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Sweeping Conquests Challenge US Hopes of Better-behaved Taliban

Recent Taliban advances in Afghanistan are challenging the Biden administration’s hopes that a desire for international respect, and for international aid and cash, may moderate the group’s worst behaviors when the US ends its war in the South Asian country.

While showing interest in a diplomatic settlement, Taliban commanders have accelerated their battlefield advances ahead of the US military’s withdrawal at the end of August. The group has at least 17 provinces under its control.

Quoted by the Associated Press, rights groups have said that others have acted much like the brutal Taliban the US overthrew in 2001. That includes allegedly killing detainees en masse and demanding that communities provide them with females above age 15 to marry. A Taliban spokesman has denied the allegations.

Still, Biden administration officials have kept up the hopeful claim that a desire for international approval might influence Taliban actions. They reject criticism by Senate Minority Leader Mitch McConnell R-Ky, who opposes the withdrawal and dismisses what he calls “diplomatic carrots,” the Associated Press reports.

“If the Taliban claim to want international legitimacy these actions are not going to get them the legitimacy they seek,’’ White House press secretary Jen Psaki said Monday as quoted by the Associated Press.

This comes after a meeting on Afghanistan’s peace in Doha last week. US special envoy for Afghanistan Zalmay Khalilzad also traveled to Qatar to make that point to Taliban officials directly. 

“We demand an immediate end to attacks against cities, urge a political settlement, and warn that a government imposed by force will be a pariah state,” Khalilzad said after the meeting.

Regardless of whether the Taliban heeds that warning, President Joe Biden is showing no sign of slowing or reversing a decision to withdraw from the war.

The United States is ending its nearly 20-year combat mission in Afghanistan on Aug. 31 under a deal that President Donald Trump signed with the Taliban in 2020. 

Only three countries – Pakistan, Saudi Arabia and the United Arab Emirates – recognized the Taliban regime back in late 1990s.

The United Nations Secretary General Antonio Guterres on Friday asked the Taliban to immediately end its offensive and said seizing power through military forces is a losing proposition.

He said that it is particularly horrifying and heartbreaking to see reports of the hard-won rights of Afghan girls and women being ripped away from them.

“I am also deeply disturbed by early indications that the Taliban are imposing severe restrictions on human rights in the areas under their control, particularly targeting women and journalists,” Guterres said.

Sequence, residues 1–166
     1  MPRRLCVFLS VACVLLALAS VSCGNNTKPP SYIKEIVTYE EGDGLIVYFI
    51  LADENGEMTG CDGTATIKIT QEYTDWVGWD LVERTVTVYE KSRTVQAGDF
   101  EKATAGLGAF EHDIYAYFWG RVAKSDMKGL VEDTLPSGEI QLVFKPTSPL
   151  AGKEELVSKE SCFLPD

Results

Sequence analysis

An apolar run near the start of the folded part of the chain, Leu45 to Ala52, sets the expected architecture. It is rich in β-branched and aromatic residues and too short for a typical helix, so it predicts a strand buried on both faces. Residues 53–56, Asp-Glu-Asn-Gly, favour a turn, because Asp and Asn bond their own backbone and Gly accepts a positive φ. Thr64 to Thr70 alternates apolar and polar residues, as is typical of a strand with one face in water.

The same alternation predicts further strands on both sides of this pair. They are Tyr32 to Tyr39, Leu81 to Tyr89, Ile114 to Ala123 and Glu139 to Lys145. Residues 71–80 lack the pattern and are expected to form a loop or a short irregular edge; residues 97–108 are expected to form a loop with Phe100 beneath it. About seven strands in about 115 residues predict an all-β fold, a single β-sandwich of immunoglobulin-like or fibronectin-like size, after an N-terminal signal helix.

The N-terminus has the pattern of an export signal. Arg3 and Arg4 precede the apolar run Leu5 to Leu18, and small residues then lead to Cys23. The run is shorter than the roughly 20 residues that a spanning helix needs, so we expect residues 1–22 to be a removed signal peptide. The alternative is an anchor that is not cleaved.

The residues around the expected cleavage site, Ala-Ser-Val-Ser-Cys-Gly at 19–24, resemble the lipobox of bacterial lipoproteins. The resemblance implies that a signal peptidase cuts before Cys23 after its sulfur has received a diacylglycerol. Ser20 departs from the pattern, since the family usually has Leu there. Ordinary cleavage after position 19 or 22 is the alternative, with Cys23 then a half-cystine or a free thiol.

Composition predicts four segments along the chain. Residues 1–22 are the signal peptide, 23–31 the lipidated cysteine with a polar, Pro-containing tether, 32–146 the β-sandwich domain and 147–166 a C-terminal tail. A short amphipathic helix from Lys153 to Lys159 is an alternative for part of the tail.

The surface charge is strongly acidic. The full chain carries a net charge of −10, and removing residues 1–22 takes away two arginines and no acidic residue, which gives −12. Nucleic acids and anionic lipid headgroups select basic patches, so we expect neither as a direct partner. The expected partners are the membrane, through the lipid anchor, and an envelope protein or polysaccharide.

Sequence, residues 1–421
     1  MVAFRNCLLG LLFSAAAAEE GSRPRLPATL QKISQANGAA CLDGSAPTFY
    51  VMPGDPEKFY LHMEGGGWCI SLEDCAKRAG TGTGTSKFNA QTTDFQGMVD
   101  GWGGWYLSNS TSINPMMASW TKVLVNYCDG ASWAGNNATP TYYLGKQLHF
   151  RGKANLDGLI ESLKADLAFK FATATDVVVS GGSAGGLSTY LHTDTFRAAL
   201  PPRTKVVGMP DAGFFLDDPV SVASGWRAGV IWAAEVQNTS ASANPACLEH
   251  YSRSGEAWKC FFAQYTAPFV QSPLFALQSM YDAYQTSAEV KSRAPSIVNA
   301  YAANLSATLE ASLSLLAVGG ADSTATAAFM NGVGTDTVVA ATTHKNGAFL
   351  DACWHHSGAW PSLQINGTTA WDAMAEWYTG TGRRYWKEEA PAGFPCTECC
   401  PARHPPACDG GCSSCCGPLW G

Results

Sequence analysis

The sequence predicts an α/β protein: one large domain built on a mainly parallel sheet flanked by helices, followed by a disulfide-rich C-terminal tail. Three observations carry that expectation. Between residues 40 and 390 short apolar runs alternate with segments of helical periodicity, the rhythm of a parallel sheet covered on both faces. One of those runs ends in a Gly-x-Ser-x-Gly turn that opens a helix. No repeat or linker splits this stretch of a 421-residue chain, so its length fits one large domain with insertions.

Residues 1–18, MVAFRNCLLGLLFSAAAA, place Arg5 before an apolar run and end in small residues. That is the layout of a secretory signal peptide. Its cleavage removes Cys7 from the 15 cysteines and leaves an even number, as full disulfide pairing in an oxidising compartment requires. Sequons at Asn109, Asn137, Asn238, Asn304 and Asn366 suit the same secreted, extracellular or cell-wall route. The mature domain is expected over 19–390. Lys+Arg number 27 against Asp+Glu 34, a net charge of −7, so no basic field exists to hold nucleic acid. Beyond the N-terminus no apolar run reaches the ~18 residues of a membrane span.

Sweeping Conquests Challenge US Hopes of Better-behaved Taliban

Rights groups have said that others have acted much like the brutal Taliban the US overthrew in 2001.

تصویر بندانگشتی

Recent Taliban advances in Afghanistan are challenging the Biden administration’s hopes that a desire for international respect, and for international aid and cash, may moderate the group’s worst behaviors when the US ends its war in the South Asian country.

While showing interest in a diplomatic settlement, Taliban commanders have accelerated their battlefield advances ahead of the US military’s withdrawal at the end of August. The group has at least 17 provinces under its control.

Quoted by the Associated Press, rights groups have said that others have acted much like the brutal Taliban the US overthrew in 2001. That includes allegedly killing detainees en masse and demanding that communities provide them with females above age 15 to marry. A Taliban spokesman has denied the allegations.

Still, Biden administration officials have kept up the hopeful claim that a desire for international approval might influence Taliban actions. They reject criticism by Senate Minority Leader Mitch McConnell R-Ky, who opposes the withdrawal and dismisses what he calls “diplomatic carrots,” the Associated Press reports.

“If the Taliban claim to want international legitimacy these actions are not going to get them the legitimacy they seek,’’ White House press secretary Jen Psaki said Monday as quoted by the Associated Press.

This comes after a meeting on Afghanistan’s peace in Doha last week. US special envoy for Afghanistan Zalmay Khalilzad also traveled to Qatar to make that point to Taliban officials directly. 

“We demand an immediate end to attacks against cities, urge a political settlement, and warn that a government imposed by force will be a pariah state,” Khalilzad said after the meeting.

Regardless of whether the Taliban heeds that warning, President Joe Biden is showing no sign of slowing or reversing a decision to withdraw from the war.

The United States is ending its nearly 20-year combat mission in Afghanistan on Aug. 31 under a deal that President Donald Trump signed with the Taliban in 2020. 

Only three countries – Pakistan, Saudi Arabia and the United Arab Emirates – recognized the Taliban regime back in late 1990s.

The United Nations Secretary General Antonio Guterres on Friday asked the Taliban to immediately end its offensive and said seizing power through military forces is a losing proposition.

He said that it is particularly horrifying and heartbreaking to see reports of the hard-won rights of Afghan girls and women being ripped away from them.

“I am also deeply disturbed by early indications that the Taliban are imposing severe restrictions on human rights in the areas under their control, particularly targeting women and journalists,” Guterres said.

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